Calciphylaxis is an uncommon, rare, serious, and fatal disorder that is characterized by:
- Calcification of the small blood vessels located within the fatty tissue and deeper layers of the skin.
- Blood clots formation.
- Death of skin cells due to too little blood flow.
Recent studies estimated that the incidence of calciphylaxis is around 3.5 new cases per 1000 patients per year among patients with end-stage renal disease (ESRD) on chronic hemodialysis. While the cause of calciphylaxis is still unknown. It does not seem to be an immune type reaction. Taking into consideration that several factors were reported to increase the risk of Calciphylaxis development including:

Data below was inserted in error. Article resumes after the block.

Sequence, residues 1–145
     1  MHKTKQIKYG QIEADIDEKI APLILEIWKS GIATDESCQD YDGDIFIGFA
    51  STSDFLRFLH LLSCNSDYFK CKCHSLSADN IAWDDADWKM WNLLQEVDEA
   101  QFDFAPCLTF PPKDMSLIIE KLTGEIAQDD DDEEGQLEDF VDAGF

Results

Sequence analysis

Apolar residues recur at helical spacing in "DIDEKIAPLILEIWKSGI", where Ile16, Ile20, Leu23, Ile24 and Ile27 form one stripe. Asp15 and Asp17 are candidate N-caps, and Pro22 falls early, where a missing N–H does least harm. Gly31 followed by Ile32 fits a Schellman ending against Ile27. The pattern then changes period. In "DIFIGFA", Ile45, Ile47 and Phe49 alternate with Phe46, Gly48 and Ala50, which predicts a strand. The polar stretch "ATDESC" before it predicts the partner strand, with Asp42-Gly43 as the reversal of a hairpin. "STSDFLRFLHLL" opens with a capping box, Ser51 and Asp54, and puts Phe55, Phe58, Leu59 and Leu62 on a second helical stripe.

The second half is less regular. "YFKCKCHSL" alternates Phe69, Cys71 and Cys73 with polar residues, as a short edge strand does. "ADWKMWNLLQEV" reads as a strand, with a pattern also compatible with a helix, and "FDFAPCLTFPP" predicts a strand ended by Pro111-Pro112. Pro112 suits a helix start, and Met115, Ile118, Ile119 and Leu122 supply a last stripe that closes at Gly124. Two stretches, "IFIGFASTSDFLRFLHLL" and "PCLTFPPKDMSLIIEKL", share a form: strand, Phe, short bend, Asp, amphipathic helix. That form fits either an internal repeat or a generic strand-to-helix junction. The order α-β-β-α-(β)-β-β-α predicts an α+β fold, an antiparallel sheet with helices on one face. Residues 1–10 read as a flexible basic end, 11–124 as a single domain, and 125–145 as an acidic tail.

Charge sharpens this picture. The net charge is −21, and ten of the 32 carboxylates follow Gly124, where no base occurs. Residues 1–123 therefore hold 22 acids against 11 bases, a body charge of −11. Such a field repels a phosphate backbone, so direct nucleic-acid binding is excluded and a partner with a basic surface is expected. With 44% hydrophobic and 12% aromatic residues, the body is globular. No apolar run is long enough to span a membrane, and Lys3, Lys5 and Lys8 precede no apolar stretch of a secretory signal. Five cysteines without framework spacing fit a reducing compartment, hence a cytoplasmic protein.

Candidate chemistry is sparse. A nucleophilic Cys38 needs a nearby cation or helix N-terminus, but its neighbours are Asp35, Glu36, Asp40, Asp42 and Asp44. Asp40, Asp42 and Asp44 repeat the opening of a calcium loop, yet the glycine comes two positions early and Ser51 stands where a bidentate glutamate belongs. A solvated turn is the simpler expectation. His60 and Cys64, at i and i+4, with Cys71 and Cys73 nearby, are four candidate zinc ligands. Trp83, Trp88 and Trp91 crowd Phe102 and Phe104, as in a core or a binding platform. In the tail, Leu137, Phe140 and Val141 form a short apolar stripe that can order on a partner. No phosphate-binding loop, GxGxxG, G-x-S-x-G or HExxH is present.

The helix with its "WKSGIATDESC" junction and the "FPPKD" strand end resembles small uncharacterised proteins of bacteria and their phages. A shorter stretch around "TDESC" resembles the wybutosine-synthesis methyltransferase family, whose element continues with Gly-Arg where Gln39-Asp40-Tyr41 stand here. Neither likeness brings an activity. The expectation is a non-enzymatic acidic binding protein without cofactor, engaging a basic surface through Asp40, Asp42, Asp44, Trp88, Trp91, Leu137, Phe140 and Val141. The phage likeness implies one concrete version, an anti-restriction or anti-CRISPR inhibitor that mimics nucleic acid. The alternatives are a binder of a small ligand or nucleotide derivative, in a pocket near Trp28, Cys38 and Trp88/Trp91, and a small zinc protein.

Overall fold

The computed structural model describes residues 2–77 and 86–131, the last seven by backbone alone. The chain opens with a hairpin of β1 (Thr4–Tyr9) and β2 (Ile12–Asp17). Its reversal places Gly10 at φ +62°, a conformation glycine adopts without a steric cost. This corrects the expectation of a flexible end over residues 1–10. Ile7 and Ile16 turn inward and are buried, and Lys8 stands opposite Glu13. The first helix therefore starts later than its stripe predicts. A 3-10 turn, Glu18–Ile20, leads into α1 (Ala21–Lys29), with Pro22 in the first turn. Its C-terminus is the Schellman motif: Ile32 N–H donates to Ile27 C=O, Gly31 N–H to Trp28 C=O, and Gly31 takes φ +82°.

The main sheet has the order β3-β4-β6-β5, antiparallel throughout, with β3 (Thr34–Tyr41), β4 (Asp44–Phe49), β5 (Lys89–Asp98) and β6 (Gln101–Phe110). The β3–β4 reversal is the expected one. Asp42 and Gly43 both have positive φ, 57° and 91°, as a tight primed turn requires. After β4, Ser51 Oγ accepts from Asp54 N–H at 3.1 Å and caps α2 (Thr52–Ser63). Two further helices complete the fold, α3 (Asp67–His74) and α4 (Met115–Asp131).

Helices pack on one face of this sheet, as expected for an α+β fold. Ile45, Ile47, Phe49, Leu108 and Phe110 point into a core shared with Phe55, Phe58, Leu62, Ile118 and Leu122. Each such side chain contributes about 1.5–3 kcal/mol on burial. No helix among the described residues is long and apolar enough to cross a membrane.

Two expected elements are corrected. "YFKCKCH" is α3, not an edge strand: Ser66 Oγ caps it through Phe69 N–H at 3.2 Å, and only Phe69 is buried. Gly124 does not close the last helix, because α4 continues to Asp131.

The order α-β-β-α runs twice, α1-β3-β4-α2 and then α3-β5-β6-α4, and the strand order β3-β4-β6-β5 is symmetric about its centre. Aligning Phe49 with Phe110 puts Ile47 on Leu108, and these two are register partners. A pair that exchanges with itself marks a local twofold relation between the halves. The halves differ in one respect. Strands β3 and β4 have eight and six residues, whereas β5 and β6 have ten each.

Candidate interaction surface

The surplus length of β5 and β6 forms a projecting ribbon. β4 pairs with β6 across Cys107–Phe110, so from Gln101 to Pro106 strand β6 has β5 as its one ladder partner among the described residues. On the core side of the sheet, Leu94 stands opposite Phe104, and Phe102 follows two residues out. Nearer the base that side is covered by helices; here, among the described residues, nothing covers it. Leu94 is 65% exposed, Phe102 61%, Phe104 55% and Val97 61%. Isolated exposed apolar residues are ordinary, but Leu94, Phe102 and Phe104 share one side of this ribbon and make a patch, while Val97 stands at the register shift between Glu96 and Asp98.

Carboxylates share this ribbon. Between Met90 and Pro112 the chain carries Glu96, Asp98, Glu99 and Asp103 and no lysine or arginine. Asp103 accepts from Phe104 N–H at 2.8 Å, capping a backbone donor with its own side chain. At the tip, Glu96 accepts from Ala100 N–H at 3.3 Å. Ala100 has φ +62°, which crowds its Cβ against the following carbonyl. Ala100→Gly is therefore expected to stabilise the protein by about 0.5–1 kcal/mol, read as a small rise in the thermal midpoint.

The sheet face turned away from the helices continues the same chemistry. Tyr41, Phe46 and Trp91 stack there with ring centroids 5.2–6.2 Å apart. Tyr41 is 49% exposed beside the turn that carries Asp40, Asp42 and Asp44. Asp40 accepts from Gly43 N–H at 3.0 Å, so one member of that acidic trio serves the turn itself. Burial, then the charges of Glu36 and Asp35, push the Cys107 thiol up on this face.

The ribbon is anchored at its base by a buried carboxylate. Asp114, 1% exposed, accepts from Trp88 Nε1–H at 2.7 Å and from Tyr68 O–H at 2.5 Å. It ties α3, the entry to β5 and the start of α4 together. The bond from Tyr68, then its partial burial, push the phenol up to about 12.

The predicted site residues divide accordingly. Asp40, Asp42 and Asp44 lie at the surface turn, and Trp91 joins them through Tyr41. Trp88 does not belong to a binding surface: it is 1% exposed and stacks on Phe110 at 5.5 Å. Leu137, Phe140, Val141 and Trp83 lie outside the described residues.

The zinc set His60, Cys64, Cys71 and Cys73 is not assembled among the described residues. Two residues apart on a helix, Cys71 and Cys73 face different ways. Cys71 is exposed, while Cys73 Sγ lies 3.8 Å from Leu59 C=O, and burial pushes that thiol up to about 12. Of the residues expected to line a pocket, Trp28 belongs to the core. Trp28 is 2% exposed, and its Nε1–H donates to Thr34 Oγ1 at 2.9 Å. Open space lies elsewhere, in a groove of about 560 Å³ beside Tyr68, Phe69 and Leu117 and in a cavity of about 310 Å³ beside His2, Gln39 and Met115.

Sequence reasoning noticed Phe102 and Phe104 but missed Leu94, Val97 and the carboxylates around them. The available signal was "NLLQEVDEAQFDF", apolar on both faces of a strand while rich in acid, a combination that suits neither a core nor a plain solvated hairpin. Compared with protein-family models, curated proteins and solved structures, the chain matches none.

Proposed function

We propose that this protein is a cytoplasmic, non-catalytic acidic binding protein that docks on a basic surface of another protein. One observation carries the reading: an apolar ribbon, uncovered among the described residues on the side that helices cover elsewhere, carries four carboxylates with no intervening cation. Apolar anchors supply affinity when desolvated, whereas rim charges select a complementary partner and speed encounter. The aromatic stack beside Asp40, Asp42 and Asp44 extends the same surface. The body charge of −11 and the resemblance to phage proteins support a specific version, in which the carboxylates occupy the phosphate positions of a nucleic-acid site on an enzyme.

- Female sex
- Elevated calcium-phosphate products
- Medications such as warfarin and vitamin D derivatives
- Diabetes mellitus.
There is no diagnostic test for calciphylaxis. The diagnosis is a clinical one and depends on clinical assessment of necrotic skin lesions that typically appear as:
- Dark bluish purple lesions and/or
- Completely black leathery lesions.
The suspected diagnosis can be supported by a skin biopsy. Until now prevention is the best available treatment option. Prevention could be attained through continuous control of phosphate and calcium balance in order to avoid the metabolic changes which may lead to calciphylaxis.